Secretary of State Antony Blinken’s official Twitter account replaced a tweet Thursday criticizing the Chinese government and vowing to “stand with the people of Hong Kong” with another post using softer language. A spokesperson for the State Department later called Blinken’s first tweet an “error.
Blinken’s initial message read: “Beijing should let the voices of all Hong Kongers be heard. The PRC’s disqualification of district councillors only weakens Hong Kong’s long-term political and social stability. We stand with the people of Hong Kong & continue to support their human rights & fundamental freedoms.”
The since-deleted tweet followed China’s move to dismiss seven pro-democracy Hong Kong opposition district councilors from office. Authorities declared that the oaths taken by the disqualified group of officials were invalid.
Blinken instead opted to issue a less-forceful tweet in its place Thursday evening:
“The PRC’s disqualification of seven pro-democracy district councillors undermines the ability of people in Hong Kong to participate in their governance. Governments should serve the people they represent. Decreasing representation goes against the spirit of Hong Kong’s Basic Law.”
A spokesperson for Blinken’s department claimed that the prior tweet was an “error” when contacted by Fox News for a statement regarding the State Department social media team’s decision to delete the earlier, upfront text.
“The team that manages the Secretary’s Twitter account mistakenly sent the tweet intended to come from the Spokesperson. We fixed that error and tweeted from both accounts, speaking out about Hong Kong authorities’ disqualification of pro-democracy district councilors,” the spokesperson told Fox News.
An identical tweet was also posted by Ned Price, spokesman for the State Department, on the same day as Blinken’s criticism, and it, too, was deleted.
In addition, the spokesperson insisted that “political concerns” had nothing to do with the maneuver and that the department’s official position on Hong Kong has not changed as the “United States stands with the people of Hong Kong.
“Suggestions that this administrative change was somehow motivated by political concerns is patently untrue. The tweets affirm – in words and in meaning – that the United States stands with the people of Hong Kong. We urge the PRC to allow the people of Hong Kong to meaningfully participate in their governance.”
South China Morning Post, a Hong Kong–based English-language newspaper, called Blinken’s second, muted tweet a “watered-down version” of the original, a colorful post in which he had “accused Beijing of weakening the city’s long-term political stability,” the outlet characterized.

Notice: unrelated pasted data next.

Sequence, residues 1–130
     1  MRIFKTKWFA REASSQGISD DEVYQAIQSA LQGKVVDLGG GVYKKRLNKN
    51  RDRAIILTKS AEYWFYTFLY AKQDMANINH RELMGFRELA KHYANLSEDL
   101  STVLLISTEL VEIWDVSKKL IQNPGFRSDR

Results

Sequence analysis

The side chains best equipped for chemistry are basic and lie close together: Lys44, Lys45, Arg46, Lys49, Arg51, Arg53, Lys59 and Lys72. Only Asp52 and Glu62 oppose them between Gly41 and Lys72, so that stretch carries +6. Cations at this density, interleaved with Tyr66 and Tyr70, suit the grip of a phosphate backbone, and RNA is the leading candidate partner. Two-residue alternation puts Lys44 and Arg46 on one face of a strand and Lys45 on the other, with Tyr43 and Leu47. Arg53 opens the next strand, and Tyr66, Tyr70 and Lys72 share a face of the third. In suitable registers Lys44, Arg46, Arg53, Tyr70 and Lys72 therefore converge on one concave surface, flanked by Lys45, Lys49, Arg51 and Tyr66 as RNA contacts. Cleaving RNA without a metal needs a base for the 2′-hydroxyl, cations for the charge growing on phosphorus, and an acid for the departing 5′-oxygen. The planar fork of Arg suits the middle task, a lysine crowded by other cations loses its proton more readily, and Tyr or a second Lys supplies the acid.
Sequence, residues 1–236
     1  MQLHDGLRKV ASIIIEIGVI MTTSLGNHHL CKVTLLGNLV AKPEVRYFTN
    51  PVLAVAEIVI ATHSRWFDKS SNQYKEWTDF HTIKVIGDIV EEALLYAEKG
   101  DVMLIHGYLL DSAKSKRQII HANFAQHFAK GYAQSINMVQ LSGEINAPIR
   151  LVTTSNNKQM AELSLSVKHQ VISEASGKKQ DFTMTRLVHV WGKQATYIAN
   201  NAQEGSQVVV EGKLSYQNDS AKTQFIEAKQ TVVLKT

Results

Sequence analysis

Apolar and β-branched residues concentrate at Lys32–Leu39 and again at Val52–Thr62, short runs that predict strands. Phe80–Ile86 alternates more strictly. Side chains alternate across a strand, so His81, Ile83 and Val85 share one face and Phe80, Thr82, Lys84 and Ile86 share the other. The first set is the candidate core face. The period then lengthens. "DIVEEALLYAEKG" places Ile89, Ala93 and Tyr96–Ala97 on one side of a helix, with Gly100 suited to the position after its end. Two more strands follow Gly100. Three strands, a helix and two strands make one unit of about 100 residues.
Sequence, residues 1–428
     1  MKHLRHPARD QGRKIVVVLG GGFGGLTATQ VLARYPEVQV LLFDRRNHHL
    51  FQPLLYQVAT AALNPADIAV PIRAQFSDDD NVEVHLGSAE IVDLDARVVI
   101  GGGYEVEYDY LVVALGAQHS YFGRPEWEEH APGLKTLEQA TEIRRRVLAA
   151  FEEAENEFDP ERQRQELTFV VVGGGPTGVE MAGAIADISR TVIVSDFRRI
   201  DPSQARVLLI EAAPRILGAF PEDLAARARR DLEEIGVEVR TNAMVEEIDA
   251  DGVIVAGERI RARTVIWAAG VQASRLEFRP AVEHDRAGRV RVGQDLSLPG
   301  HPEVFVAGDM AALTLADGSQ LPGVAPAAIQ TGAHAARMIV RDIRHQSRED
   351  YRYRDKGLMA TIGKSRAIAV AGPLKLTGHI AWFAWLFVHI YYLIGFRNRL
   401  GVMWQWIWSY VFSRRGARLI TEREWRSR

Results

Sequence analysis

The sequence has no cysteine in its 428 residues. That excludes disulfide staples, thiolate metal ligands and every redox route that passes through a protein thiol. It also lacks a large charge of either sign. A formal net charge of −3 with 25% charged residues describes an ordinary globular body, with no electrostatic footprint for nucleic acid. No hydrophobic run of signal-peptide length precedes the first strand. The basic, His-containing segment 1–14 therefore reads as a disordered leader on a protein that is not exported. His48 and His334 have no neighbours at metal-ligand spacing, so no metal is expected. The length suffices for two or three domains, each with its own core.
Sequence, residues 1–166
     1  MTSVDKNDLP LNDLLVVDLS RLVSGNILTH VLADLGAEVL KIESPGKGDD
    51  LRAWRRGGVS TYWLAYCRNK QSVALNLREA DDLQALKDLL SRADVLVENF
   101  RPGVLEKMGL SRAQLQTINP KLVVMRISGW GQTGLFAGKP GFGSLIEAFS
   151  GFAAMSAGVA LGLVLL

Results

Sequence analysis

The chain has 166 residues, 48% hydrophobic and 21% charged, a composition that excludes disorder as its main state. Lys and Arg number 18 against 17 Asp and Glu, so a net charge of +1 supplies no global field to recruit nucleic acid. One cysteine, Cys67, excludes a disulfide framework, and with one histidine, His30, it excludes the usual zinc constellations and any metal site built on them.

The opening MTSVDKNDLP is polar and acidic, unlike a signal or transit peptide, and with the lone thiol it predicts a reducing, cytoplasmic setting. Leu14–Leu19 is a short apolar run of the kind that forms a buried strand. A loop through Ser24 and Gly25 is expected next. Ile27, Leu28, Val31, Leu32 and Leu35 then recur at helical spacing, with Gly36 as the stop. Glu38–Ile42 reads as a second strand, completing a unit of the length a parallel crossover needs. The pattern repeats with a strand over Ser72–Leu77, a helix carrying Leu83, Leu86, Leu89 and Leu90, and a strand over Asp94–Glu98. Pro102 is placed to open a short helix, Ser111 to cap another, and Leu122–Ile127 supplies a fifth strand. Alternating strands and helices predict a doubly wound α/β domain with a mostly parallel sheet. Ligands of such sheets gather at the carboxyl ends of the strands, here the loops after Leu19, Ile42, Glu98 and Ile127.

A spokesman for the Chinese foreign ministry’s Hong Kong office issued a statement Friday opposing “irresponsible comments from certain US politicians” on Hong Kong, saying that “no US slanders” would deter the nation’s determination to enforce “patriots administering Hong Kong.
“[The seven district councilors] smeared the Chinese central government and the HKSAR government, stood on the side of anti-China, destabilising forces in Hong Kong and interfered in Hong Kong affairs and China’s internal affairs as a whole,” the statement said, referring to the Hong Kong Special Administrative Region.
The statement said it was common international practice to require an oath of allegiance, set out qualifications for legislators, and ensure national identity and political loyalty through legislation: “It is sheer hypocrisy and [a] double standard that the US vilifies the just measure of the HKSAR government, even as it itself has an ‘iron net’ system to require public officers to swear allegiance at home, and disqualifies lawmakers for violating parliamentary rules.”
Hong Kong’s political landscape has changed drastically in recent time. With the elimination of the free press, the Chinese government has been curtailing freedom of speech across the region and suppressing the political opposition.
Hong Kong’s only pro-democracy newspaper, The Apple Daily, has been silenced. The Apple Daily printed its last edition in late June after its offices were raided and its staff and owner were arrested under national security laws that aim to rein Hong Kong under complete Chinese mainland control. Law enforcement claimed that The Apple Daily violated security law by criticizing the security law.
The statement said it was common international practice to require an oath of allegiance, set out qualifications for legislators and ensure their national identity and political loyalty through legislation.“It is sheer hypocrisy and [a] double standard that the US vilifies the just measure of the HKSAR government, even as it itself has an ‘iron net’ system to require public officers to swear allegiance at home, and disqualifies lawmakers for violating parliamentary rules.”